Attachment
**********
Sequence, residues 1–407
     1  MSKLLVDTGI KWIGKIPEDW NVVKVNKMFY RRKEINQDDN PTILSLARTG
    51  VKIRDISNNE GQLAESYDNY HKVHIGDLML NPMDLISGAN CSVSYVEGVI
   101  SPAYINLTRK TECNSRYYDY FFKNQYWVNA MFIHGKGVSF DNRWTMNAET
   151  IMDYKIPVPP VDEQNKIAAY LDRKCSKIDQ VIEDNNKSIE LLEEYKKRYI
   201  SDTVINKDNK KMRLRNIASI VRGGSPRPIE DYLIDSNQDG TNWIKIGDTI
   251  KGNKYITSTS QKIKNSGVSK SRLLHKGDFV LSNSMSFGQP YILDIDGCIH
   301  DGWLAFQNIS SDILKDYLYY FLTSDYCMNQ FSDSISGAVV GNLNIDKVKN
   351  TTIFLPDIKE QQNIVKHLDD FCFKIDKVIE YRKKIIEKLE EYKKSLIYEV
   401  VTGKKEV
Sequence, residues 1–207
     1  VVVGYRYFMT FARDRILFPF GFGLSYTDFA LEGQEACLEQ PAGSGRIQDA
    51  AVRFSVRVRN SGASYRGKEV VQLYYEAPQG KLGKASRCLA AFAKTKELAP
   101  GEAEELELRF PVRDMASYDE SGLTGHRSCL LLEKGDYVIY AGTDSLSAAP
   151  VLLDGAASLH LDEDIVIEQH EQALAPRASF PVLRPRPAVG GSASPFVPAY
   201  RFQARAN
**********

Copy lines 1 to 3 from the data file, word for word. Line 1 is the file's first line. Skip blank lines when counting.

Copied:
Sequence, residues 1–407
     1  MSKLLVDTGI KWIGKIPEDW NVVKVNKMFY RRKEINQDDN PTILSLARTG
    51  VKIRDISNNE GQLAESYDNY HKVHIGDLML NPMDLISGAN CSVSYVEGVI